• This is a known thing among the Roman historians and poets, that Tiberius was greatly addicted to astrology and divination.
which directs men to act otherwise, to go off unpunished." This was the speech which Tiberius made, which did not persuade Caius to act accord ingly, although he promised so to do; but, when he was settled in the government, he took off this Tiberius, as was predicted by the other Tiberius ; as he was also himself, in no long time afterward, slain by a secret plot laid against him.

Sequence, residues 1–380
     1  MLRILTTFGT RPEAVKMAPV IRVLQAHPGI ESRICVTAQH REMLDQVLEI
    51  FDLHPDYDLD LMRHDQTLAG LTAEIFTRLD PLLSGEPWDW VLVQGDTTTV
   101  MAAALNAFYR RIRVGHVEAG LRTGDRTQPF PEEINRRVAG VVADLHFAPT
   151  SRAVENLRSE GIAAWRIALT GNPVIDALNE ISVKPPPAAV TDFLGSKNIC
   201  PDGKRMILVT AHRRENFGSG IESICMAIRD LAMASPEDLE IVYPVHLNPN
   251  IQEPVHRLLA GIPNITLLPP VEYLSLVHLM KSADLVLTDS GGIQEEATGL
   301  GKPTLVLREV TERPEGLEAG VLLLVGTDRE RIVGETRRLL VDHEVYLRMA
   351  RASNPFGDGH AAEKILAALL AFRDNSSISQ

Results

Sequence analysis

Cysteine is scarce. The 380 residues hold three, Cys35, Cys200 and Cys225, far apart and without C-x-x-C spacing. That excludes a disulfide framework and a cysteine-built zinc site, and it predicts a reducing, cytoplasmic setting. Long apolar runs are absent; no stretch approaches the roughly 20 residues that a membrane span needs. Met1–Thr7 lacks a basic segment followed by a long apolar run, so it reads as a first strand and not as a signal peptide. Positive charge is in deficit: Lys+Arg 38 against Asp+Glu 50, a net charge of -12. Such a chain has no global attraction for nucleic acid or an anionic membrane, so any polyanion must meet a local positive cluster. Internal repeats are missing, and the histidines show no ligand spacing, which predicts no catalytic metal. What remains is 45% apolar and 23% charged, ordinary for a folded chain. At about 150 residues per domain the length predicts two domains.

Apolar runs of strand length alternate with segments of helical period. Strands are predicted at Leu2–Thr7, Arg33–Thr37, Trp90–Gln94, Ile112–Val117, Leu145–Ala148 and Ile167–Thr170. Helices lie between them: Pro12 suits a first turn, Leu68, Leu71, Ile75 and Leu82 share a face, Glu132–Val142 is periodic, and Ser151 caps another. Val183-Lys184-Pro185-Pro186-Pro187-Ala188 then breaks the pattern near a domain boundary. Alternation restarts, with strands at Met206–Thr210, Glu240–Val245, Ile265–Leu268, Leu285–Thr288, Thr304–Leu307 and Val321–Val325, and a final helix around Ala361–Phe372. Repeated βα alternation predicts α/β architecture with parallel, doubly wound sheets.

10. So when Tiberius bad at this time appointed Caius to be his succes. sor, he lived but a few days, and then died, after he had held the government twenty-two years, five months, and three days : now Caius was the fourth emperor. But, when the Romans understood that Tiberius was dead, they rejoiced at the good news, but had not courage to believe it; not because they were unwilling it should be true, for they would have given large sums of money that it might be so, but because they were afraid, that if they had showed their joy, when the news proved false, their joy should be openly known, and they should be accused for it, and be thereby undone. For this Tiberius had brought a vast number of miseries on the best families of the Romans, since he was easily inflamed with passion in all cases, and was of such a temper as rendered his anger irrrevocable, till he had executed the same, although he had taken a hatred against men without reason ; for he was by nature fierce in all the sentences he gave, and made death the penalty for the slightest offences; insomuch that, when the Romans heard the rumour about his death gladly, they were restrained from the enjoyment of that pleasure by the dread of such miseries as they foresaw would follow, if their hopes proved ill grounded. Now, Marsyas, Agrippa's freed-man, as soon as he heard of Tiberius' death, came running to tell Agrippa the news; and finding him going out to the bath, he gave him a nod, and said in the Hebrew tongue, " The lion is dead :"* who understanding his meaning, and being over. joyed at the news, “ Nay,” said he, “ but all sorts of thanks and happiness attend thee for this news of thine : only I wish that what thou sayest may prove true. Now the centurion, who was set to keep Agrippa, when he saw with what haste Marsyas came, and what joy Agrippa had from what he said, he had a suspicion that his words implied some great innovation of affairs, and he asked them about what was said. They at first diverted the discourse; but, upon his further pressing, Agrippa, without more ado, told him, for he was already become his friend; so he joined with him in that pleasure which this news occasioned, because it would be fortunate to Agrippa, and made him a supper. But, as they were feasting, and the cups went about, there came one who said, that “ Tiberius was still alive, and would return to the city in a few days.” At which news the centurion was exceedingly troubled, because he had done what might cost him his life, to have treated so joyfully a prisoner, and this upon the news of the death of Cæsar ; so he thrust Agrippa from the couch whereon he lay, and said, “Dost thou think to cheat me by a lie about the emperor without punishment ? and shalt not thou pay for this thy malicious report at the price of thine head ?" When he had so said, he ordered Agrippa to be bound again, (for he had loosed him before,) and kept a severer guard over him than formerly, and in that evil condition was Agrippa that night; but the